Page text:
Remember this college kid? She got thrown another curve ball by a pack of pre-schoolers. The conversation went something like this:
College Kid: (after reading a book about a snake) So do you know how snakes smell?
Kids: With their tongues!!!
College Kid: Your right. Good job.
Kid A: (raises his hand) So, do snakes have noses?
College Kid: Nope, snakes don’t have noses because they smell with their tongue.
Kid A: Oh… (as parents shake their heads like “oh wow, I didn’t know that”).
My Son: (not raising his hand) Snakes DO have noses!
College Kid: No, they don’t.
My Son: Yes they do.
College Kid: No, I don’t think they do…
My Son: (looks over at me in horror).
Me: (mouthing to Ari when the College Kid is not looking) Yes they do, your right, it’s ok. Sit down.
My Son: Hey! My Mom says snakes have noses!
Me: (I blush a little, smile and wave).
College Kid: Ooookay. (Avoids eye contact, changes the subject).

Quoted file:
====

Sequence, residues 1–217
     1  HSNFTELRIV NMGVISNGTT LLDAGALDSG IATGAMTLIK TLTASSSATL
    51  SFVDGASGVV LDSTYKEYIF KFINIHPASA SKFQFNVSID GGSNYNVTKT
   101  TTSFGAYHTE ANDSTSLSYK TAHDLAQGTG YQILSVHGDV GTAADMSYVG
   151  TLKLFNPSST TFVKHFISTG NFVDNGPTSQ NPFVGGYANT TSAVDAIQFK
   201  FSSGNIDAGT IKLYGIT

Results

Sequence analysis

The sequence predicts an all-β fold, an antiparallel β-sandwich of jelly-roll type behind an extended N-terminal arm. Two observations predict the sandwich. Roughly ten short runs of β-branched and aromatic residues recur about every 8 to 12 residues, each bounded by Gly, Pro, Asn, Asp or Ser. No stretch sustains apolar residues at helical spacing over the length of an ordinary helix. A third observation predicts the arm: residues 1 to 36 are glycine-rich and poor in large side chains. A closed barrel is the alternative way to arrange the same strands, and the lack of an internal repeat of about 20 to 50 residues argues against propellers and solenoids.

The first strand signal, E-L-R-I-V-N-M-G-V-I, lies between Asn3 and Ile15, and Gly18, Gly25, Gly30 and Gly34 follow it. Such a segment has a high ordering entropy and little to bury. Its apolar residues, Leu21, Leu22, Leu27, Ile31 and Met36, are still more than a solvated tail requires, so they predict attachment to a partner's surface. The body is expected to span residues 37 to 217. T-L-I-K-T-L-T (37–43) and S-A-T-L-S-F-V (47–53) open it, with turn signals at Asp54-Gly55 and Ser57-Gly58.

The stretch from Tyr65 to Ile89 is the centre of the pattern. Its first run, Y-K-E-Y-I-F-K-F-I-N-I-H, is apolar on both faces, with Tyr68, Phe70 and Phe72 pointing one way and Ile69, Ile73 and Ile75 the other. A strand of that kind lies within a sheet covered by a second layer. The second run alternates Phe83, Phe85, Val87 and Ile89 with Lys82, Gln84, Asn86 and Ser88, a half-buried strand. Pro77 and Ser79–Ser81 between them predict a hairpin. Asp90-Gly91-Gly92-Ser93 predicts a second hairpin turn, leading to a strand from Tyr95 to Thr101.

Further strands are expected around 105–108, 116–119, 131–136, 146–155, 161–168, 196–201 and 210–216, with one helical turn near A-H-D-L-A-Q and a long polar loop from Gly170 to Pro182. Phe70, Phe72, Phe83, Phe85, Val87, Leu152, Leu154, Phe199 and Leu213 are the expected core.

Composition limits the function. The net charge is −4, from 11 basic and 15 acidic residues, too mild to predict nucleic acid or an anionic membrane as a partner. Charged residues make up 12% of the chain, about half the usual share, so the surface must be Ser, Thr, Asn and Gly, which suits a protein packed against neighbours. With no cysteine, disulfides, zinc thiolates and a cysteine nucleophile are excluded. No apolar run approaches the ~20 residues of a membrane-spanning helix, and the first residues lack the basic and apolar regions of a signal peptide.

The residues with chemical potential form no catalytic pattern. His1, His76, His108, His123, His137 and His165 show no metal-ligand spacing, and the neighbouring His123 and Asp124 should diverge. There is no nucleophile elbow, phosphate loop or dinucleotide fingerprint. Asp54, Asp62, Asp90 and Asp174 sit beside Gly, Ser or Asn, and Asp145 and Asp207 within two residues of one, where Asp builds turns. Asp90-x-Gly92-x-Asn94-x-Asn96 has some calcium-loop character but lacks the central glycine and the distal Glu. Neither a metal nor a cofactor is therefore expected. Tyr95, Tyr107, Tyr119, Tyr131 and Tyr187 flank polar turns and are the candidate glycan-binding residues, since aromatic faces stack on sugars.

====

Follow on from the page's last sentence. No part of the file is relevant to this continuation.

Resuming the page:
Yes, snakes do smell with their tongue. They do this by flicking their tongue to collecting particles from the air. They then stick their tongue against a special organ on the roof of their mouth called the jacobson’s organ. This organ smells the gathered particles.
BUT, just because snakes don’t smell with their nose, doesn’t mean it’s not there. They do have two little nose holes on the end of their snout called nostrils; which are mainly used to breathe.
I was surprised at how hard it was to find good information to confirm my assumption about snakes nasal structures. There’s a lot of weird stuff on the internet! I finally consulted a Herpetology textbook, Joe (husband) and my Dad. An hour later there you go. Yes, snakes technically have noses. Well, sort of…